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Architects of nature: growing buildings with bacterial biofilms

Lookup NU author(s): Professor Martyn Dade-Robertson

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This work is licensed under a Creative Commons Attribution 4.0 International License (CC BY 4.0).


Abstract

In his text ‘On Architecture’, Vitruvius suggested that architecture is an imitation of nature. Here we discuss what happens when we begin using nature in architecture. We describe recent developments in the study of biofilm structure, and propose combining modern architecture and synthetic microbiology to develop sustainable construction approaches. Recently, Kolodkin-Gal laboratory and others revealed a role for precipitation of calcium carbonate in the maturation and assembly of bacterial communities with complex structures. Importantly, they demonstrated that different secreted organic materials shape the calcium carbonate crystals formed by the bacterial cells. This provides a proof-of-concept for a potential use of bacteria in designing rigid construction materials and altering crystal morphology and function. In this study, we discuss how these recent discoveries may change the current strategies of architecture and construction. We believe that biofilm communities enhanced by synthetic circuits may be used to construct buildings and to sequester carbon dioxide in the process.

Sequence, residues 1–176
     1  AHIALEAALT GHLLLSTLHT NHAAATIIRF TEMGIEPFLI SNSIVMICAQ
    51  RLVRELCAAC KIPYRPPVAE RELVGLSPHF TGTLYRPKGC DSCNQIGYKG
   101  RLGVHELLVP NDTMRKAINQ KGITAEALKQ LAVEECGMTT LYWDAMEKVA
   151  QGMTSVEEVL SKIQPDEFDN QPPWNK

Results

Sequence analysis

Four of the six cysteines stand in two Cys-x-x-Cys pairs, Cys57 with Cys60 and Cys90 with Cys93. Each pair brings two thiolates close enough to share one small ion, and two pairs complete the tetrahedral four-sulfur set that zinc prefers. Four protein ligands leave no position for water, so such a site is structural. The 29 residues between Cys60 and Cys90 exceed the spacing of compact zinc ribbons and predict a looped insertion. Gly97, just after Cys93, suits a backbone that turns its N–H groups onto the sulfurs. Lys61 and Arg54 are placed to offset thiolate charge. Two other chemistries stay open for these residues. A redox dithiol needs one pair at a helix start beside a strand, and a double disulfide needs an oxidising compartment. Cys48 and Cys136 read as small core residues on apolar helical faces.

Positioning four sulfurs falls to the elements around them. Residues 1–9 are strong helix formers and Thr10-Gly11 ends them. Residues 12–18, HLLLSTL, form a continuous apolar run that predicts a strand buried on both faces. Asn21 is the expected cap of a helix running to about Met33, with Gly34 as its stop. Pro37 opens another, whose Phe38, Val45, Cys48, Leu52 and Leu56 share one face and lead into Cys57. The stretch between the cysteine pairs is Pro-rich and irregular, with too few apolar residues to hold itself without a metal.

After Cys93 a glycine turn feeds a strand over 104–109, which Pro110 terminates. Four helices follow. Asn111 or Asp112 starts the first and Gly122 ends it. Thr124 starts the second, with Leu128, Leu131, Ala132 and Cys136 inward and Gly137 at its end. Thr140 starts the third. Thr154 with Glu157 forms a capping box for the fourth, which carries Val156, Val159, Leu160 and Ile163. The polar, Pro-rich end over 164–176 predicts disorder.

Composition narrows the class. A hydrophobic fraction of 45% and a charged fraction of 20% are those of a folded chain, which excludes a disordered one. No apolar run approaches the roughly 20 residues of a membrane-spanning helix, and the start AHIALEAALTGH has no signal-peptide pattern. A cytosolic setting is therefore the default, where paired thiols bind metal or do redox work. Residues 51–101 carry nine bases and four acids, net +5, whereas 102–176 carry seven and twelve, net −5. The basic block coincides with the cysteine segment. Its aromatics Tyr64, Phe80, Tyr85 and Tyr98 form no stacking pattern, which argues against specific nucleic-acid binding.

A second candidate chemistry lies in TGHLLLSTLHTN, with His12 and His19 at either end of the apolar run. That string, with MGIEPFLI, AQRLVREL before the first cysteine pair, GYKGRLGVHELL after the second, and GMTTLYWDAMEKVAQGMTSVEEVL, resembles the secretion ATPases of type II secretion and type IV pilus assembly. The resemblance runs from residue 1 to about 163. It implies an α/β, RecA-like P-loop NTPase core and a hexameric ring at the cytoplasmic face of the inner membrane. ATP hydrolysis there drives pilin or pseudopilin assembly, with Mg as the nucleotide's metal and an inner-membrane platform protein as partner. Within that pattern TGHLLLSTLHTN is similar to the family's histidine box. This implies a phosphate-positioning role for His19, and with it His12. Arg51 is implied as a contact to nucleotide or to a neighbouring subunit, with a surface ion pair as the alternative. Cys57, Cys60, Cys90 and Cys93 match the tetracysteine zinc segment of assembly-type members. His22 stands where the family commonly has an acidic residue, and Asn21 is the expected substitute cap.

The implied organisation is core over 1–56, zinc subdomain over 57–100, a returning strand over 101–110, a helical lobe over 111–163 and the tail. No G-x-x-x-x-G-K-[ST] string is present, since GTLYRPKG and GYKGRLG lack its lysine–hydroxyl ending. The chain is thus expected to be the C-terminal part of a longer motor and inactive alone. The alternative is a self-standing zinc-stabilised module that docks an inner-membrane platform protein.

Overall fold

Publication metadata

Author(s): Dade-Robertson M, Keren-Paz A, Zhang M, Kolodkin-Gal I

Publication type: Article

Publication status: Published

Journal: Microbial Biotechnology

Year: 2017

Volume: 10

Issue: 5

Pages: 1157-1163

Print publication date: 01/09/2017

Online publication date: 16/08/2017

Acceptance date: 18/07/2017

Date deposited: 28/09/2017

ISSN (electronic): 1751-7915

Publisher: Wiley

URL: https://doi.org/10.1111/1751-7915.12833

DOI: 10.1111/1751-7915.12833


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